I rush through the hospital halls, checking room after room for signs of life. I find officers, doctors, nurses and even some patients, but they are all encased in webbing and partially eaten; none were alive. After searching nearly two dozen hospital rooms, I knew that it would take me too long to search them all, so I head back to the center where the large desk is.
The person encased behind the desk began to move, so I walked over and began pulling the webbing off of them. I told the person to keep quiet, I’m still not sure how the creatures are able to hear us. I pull away the last of the webbing, and before I can get a look at the person I freed, the spiders in the room take notice and start moving our way.
“I think the creatures couldn’t see me in the webbing,” a familiar female voice says. “It somehow blocks body heat, which they must use to see. Whatever that slime is all over you probably hid you as well.”
When I face her, I instantly recognize her as Alley Garner, the woman I started training with almost a year ago. “We don’t have much time,” I tell her, “help me take these creatures out.”
“Let’s do it,” Alley says, getting to her feet.
Webbing whips through the air towards us, but I block the spray with a computer chair and throw it at the nearest spider, pinning it against the wall. Another spider leaps at Alley, and she flips over the desk, kicking the creature into an open filing cabinet. It tried to climb out of the drawer, so I ran over and slammed it shut, severing the spider in half.
When I turn back around, I see that one of Alley’s hands is caught in webbing. A spider jumps at her, and she does a roundhouse kick, knocking it into three more spiders and sending them all into the wall. Spiders keep crawling toward us, their heavy legs thumping louder the closer they get. I shout to Alley over the noise, telling her we have to find the rest of the team.
“I think I know why they’re following me,” she yells back, jumping over the desk and running down the hallway to the right. I follow closely behind, blocking attacks from the oncoming creatures, smashing them with anything I can grab along our way. We get to a heavy glass door, locked with a card scanner. “They’re in here,” Alley says as I peer inside.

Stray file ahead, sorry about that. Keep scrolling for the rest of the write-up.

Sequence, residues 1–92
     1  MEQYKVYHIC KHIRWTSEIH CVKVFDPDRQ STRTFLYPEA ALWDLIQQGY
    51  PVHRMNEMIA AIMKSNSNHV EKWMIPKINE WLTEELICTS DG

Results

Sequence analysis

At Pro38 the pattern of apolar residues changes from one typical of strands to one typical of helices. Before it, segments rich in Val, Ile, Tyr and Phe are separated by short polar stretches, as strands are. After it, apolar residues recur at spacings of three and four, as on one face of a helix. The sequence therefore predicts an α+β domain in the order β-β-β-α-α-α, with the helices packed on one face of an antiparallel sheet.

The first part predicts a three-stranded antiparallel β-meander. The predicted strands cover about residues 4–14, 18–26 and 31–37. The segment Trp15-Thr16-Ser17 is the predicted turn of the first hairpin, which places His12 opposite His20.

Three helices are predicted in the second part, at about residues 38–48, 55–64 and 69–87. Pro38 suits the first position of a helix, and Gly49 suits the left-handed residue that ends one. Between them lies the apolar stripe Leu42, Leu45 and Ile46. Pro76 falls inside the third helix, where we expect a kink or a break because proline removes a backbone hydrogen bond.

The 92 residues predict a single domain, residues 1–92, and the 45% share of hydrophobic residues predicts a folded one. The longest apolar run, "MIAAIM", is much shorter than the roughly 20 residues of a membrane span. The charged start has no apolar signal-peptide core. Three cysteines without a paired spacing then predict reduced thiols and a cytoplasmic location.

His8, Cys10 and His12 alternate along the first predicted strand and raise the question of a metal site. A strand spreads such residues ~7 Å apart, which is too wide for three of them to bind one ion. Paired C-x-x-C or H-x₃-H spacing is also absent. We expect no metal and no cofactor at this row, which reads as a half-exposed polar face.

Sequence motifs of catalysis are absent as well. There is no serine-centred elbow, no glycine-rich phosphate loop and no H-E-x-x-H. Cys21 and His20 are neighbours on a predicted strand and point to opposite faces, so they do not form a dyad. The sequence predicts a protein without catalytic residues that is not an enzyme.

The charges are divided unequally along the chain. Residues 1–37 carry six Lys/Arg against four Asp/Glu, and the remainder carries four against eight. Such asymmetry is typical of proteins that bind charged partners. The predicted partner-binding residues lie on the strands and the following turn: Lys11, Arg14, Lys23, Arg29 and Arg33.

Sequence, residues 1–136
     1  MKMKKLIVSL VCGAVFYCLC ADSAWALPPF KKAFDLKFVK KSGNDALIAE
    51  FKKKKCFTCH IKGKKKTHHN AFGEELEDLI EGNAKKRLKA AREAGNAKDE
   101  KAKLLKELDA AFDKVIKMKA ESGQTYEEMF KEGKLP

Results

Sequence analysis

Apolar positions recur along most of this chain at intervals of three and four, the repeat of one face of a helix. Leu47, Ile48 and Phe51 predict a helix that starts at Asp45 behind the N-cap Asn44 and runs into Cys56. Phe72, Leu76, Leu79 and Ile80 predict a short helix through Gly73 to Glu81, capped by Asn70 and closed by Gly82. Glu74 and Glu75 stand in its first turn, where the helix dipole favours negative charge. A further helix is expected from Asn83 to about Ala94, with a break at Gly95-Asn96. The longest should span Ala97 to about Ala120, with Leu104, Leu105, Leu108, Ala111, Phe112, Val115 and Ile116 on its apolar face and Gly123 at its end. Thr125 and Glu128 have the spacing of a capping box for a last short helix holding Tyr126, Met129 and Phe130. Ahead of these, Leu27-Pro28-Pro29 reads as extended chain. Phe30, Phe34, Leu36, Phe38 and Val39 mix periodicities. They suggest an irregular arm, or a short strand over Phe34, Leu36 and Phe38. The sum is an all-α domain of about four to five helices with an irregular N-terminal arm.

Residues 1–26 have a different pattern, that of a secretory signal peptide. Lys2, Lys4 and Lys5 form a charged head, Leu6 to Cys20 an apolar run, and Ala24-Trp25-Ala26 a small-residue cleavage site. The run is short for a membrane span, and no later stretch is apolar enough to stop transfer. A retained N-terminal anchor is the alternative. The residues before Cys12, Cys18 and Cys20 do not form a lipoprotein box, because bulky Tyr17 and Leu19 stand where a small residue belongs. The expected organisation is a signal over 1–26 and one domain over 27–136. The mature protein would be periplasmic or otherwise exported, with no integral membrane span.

I immediately recognize the woman I helped from the big spider a few days ago. She’s stuck to the wall in the corner of the room, a cocoon covering most of her body as she stood encased without moving. Beneath her are large egg sacks, the size of a beach ball, already opened. Looking around the rest of the room, I see a lot of spider creatures crushed on the floor and against the wall, all dead. The rest of the team members are stuck around the room, webbing covering parts of their bodies as they struggle to get free.
One of the men attached to the wall saw Alley. His voice sounds muffled through the glass. “Hey! It’s Alley, she brought help.”
I ask Alley to get the door open while I watch her back. Dozens of spiders crawled along every surface toward us. Alley’s startled voice brings my attention back to her. “Oh my God! This is where the spiders are coming from.”
My eyes follow where she points to the corner of the room. The encased woman still looks unconscious as a sack slides out of her cocoon. Six more spiders break their way out, and it’s hard to imagine how they all fit. They move towards the remaining team members, and each does their best to fend off the creatures, swinging wildly from within their cocoons.